Unemployment makes me hate babies (and probably other small, cute things)

I hate babies, and I’m a terrible person. At least that’s how I felt Friday evening on a sidewalk in midtown, when I turned down a charity collecting money for babies. The conversation didn’t progress far enough to reveal what about babies needed funding. They could have been a charity that gives tiny Rolexes and blinged-out strollers to babies of rap stars and Wall St. tycoons. It didn’t matter. I still felt less human.

Friday was a rough day of unemployment. So around dinner time, on my return from a meeting, I took a little detour through Bryant Park. The park sits between 42nd and 40th St. in Manhattan and backs up on the picturesque Humanities and Social Sciences Library. You’ve probably seen the building in calendars and postcards, if not in person. The park is beautiful, with trees and chairs and places to buy coffee. And I kill time there whenever I can. The weather was stunning – a taste of Spring – and people were out enjoying it. I grabbed a small table and took a break from life to watch it.

A young woman approached me on my way to the subway. I had seen her 20 yards down the sidewalk. With a clipboard and some kind of standard-issue polo shirt bearing a corporate logo, she was obviously asking questions or collecting donations. New Yorkers have a keen radar for anyone who might bother us. We may look like we don’t see you, but we’ve already consciously decided to avoid you. There was enough traffic ahead to let me slip by pretty easily. But then she caught my eye and mouthed the words, “yes, you,” before I could look away. I had the music on and was walking with a purpose, but she caught me. I had to stop.

As a general rule I don’t give out money in public, while employed or unemployed, not even to really heartbreaking baby charities. Maybe I’d donate to an actual baby, should the opportunity present itself. And if he asked nicely. But short of that and the rare street musician, my money stays in my pocket. I once tallied the cost to give a dollar to every person who asked me for money in a day. The total exceeded my daily take-home pay at the time. I doubled my resolve to horde the vast riches I drain from corporate troughs and, soon enough, the unemployment system. I do however give to certain worthy causes that choose to accost me via radio and internet, rather than in public.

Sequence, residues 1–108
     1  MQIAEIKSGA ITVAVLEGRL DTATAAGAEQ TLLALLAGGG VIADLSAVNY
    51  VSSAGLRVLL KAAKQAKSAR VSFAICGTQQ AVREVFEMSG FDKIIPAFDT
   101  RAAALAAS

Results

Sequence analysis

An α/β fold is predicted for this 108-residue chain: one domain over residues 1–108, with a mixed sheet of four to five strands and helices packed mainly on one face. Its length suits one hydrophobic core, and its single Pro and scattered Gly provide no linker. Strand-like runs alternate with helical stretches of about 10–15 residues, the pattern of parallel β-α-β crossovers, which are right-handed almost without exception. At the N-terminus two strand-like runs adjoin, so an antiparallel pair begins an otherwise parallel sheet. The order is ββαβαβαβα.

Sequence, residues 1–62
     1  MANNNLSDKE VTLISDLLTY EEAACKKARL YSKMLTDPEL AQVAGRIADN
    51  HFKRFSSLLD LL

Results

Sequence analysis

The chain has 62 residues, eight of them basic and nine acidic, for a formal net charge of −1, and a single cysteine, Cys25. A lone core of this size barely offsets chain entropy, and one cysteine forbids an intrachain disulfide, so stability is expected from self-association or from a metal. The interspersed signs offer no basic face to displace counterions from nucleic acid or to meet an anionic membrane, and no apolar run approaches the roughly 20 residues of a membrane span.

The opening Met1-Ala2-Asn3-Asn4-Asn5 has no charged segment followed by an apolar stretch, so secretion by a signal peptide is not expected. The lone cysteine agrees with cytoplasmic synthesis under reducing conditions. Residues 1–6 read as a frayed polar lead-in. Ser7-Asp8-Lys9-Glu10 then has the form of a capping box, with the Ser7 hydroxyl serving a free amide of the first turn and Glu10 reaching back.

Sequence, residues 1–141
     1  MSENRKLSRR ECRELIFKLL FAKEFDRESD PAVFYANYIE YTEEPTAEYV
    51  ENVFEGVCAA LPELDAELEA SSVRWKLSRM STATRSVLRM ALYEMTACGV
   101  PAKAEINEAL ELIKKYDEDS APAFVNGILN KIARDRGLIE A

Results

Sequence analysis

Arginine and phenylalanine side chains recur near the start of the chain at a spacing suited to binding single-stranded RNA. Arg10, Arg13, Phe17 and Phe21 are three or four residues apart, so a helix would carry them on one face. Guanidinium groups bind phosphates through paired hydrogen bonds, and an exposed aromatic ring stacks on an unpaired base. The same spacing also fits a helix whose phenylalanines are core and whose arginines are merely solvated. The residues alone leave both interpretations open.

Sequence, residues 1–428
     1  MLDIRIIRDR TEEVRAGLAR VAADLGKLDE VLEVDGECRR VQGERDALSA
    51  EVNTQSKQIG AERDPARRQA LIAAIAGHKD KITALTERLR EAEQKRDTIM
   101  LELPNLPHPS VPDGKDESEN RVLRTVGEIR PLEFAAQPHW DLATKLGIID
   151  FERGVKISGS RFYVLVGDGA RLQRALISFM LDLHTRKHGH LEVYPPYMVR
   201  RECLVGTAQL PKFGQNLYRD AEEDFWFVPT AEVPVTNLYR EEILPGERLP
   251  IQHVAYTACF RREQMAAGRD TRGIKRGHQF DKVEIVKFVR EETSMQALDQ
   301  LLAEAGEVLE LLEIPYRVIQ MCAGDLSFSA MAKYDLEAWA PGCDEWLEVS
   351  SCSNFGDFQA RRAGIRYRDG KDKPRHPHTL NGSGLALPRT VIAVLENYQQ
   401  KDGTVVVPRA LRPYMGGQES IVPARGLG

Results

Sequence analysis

She had a bright, pretty smile, probably a bare minimum for donation gathering during a recession in New York at rush hour. I took off my headphones, and she began her spiel… something about babies. She may have actually asked, “do you like babies?” The proper answer to this question is obviously “no,” because no one likes babies. I stopped her before she got much further and said that I am unemployed. Whereas a savvy salesman might explain that $5/month on a credit card isn’t really that much to save babies, she just stopped, wished me good luck and let me go. I appreciated that.

All the way home, I thought about the brief encounter. Why it stuck with me so long isn’t entirely clear. (Maybe unemployment has wrecked my brain and made me more stupider.) I don’t hand out money on the street, though technically I could have. There was money in my pocket, and on this occasion I wanted to give. At least I wanted to be able to give. I felt like less of a person for relying on my unemployment to get me out. There are people out there way worse off than I am, for sure. But my situation could deteriorate shortly too. Giving just didn’t feel right. And that’s a real shame.

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6 Comments

  1. unemployed wrote: